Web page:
Thinking about this and talking with friends and other filmmakers, I think we have to figure out a way to have more Indigenous people be in charge of major production companies. I think we have to figure out a way for more Indigenous people to move into network jobs, and work as executives for streamers and for these big corporations… because, ultimately, the decisions that get made to green light anything, whether that’s a TV show, whether that’s a film really comes from boardroom executive spaces. That’s the last horizon that we need to figure out how to access and how to get people who understand Indigenous people, Indigenous stories, and also understand the way that Indigenous directors and artists and filmmakers often tell these stories, which may not be linear or may not be in an act structure, and be able to advocate for us at that level.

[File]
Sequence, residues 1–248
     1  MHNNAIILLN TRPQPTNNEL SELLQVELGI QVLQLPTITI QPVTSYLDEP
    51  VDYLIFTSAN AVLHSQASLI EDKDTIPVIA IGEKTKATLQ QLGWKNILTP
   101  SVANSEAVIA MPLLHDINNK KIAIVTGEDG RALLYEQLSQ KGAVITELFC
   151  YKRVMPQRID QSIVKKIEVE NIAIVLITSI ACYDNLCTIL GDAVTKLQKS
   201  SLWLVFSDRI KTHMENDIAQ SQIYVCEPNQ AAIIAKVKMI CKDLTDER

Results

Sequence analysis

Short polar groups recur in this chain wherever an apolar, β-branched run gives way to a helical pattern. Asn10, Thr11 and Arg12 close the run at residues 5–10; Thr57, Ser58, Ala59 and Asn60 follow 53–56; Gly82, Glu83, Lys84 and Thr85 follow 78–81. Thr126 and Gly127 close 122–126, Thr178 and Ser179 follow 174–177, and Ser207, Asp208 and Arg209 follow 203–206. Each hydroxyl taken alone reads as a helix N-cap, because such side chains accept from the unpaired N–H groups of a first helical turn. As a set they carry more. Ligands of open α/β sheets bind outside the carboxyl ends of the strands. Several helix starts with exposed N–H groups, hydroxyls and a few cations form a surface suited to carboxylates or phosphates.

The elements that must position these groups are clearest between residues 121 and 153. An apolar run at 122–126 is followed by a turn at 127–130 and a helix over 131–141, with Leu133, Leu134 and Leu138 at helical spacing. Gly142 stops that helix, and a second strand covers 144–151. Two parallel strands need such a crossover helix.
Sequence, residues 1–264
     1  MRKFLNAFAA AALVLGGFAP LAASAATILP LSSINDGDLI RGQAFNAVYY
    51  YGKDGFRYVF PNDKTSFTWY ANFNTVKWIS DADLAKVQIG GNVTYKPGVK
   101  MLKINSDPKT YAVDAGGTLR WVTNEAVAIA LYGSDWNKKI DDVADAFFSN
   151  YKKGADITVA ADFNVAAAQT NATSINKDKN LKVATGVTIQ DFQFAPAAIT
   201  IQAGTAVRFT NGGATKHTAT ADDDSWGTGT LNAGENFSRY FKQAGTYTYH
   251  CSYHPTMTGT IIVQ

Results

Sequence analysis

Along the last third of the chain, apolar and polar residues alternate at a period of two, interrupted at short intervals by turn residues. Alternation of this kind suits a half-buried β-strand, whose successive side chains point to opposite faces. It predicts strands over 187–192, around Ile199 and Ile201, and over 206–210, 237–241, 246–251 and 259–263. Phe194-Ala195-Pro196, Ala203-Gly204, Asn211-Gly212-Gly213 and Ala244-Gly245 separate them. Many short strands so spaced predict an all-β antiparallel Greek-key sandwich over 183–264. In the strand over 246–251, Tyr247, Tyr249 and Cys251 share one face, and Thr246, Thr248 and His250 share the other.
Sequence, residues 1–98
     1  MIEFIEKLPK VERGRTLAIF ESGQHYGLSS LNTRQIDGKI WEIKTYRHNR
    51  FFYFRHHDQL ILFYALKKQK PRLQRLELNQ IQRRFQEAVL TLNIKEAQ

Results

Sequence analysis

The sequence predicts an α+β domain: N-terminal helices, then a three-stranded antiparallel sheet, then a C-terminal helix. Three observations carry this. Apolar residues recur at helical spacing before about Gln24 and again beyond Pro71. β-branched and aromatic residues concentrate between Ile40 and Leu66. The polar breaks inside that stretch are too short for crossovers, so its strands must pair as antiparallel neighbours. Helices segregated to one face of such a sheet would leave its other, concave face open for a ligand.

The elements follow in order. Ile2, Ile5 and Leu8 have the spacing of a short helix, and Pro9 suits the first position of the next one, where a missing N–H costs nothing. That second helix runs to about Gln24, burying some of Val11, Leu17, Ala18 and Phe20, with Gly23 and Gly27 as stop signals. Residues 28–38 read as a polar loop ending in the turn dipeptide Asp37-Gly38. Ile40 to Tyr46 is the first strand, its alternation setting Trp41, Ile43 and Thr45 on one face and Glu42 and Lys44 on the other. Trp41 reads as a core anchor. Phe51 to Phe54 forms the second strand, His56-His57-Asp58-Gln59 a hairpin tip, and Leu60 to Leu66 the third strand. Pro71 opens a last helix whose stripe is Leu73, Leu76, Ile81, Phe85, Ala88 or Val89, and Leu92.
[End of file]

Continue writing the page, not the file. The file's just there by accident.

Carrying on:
I also think having Indigenous folks who are executives and agents, and have a completely different understanding of what Indigenous filmmakers are trying to do. Those people need to be at that level in order to engage and talk with people who are not Indigenous to explain why we make the choices that we make and why community connection is important and why building relationships is important and why having ceremony included, often included in film shoots and TV shows is really important to us. Depending on which community you’re in, all of those things are things that oftentimes gets put on the filmmaker and that’s a lot of work and a huge burden to carry. And honestly, that’s a second job for a lot of directors and writers to have to keep constantly explaining why we make the choices we make and why it’s important to engage the community, and why it’s important as we buy blankets for people, and why we take care of the elders, and why they eat first. All of these things that come with emotional labor as an Indigenous person when you’re making something with somebody who is not Indigenous, and didn’t grow up near the culture or knows anything about the culture. I think having Indigenous folks be in these executive spaces can help be that voice, and also be at the same level of other executives, in order to explain specific decisions that are made.